The analogy of a swan, looking graceful and elegant on the surface while paddling furiously underneath, applies perfectly to Potter.

And somewhat surprisingly for someone at her level, she’s not afraid to reveal how stressful and anxiety-inducing a season she’s found it.

“Ahead of the test event race in Paris, I was a nervous wreck. I was thinking of every eventuality and I literally didn’t sleep for three days beforehand. I had a meltdown on the Champs-Élysées when I was warming up. I bent over the railings and started crying and was thinking, I really don’t want to do this. But then suddenly, something changed in my head and I came out of it,” she says.

The Herald: MALIBU, CALIFORNIA - SEPTEMBER 17: Beth Potter at the Super League Triathlon, Malibu on September 17, 2022 in Malibu, California. (Photo by Tommaso Boddi/Getty Images for Malibu Triathlon & Super League Triathlon  ).

“I don’t think I was the easiest person to live with this year - I was very on edge, and I was probably pretty unbearable.

“It’s funny, when you’re at training, it’s all a bit of an act. You’re not rude to your training partners and you have a laugh but then you get home and after putting on that face for everyone at training, the energy to do it at home as well just isn’t there.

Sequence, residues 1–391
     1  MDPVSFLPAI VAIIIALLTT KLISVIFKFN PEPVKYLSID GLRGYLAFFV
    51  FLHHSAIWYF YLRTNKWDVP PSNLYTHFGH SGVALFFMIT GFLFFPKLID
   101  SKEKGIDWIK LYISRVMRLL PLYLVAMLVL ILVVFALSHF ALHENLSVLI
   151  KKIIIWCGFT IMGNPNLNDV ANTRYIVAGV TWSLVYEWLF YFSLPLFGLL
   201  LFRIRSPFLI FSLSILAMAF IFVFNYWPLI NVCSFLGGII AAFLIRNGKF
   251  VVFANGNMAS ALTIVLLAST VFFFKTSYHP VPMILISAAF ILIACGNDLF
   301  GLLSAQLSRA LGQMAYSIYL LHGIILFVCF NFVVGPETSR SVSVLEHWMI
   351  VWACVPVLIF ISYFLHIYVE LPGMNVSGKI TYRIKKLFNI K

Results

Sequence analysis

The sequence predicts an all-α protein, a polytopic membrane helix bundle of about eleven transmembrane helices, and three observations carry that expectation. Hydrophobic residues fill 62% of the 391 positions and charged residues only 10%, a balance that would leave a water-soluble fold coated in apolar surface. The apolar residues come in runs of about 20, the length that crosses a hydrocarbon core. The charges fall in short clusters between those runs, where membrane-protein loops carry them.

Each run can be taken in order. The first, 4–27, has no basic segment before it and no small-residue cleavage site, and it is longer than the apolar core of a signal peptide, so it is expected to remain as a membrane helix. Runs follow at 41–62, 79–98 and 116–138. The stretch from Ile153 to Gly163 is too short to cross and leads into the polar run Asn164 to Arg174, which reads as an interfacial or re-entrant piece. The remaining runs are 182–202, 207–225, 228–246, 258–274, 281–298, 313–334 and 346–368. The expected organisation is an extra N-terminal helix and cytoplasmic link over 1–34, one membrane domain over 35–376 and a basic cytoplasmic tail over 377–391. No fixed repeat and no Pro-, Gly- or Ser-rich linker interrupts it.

“So I found that when I got home, I’d be in a foul mood and be really stressed-out and anxious It’s just a very high pressure situation.”

Potter’s world title is a rebuke to everyone who doubted she was doing the right thing in switching sports from athletics to triathlon, and those who, in the early days, suggested she wasn’t good enough.

She’s emerged as one of the most popular, and respected, women in the sport.

But the past six and a half years have been far from a bed of roses.

Despite her obvious potential, she was dropped from funding a few years ago meaning she had to be entirely self-sufficient as well as having to contend with something of a running commentary from observers about her progress.

So it’s not, she admits, been all smooth sailing.

“The training is so hard. It’s long, long hours, especially on the bike and in the winter, it’s so often in sh*t conditions. There’s early mornings in the pool, late nights on the track and it’s tough so I have had times when I didn’t want to do it. What’s made it all possible is having great people to train with,” she says.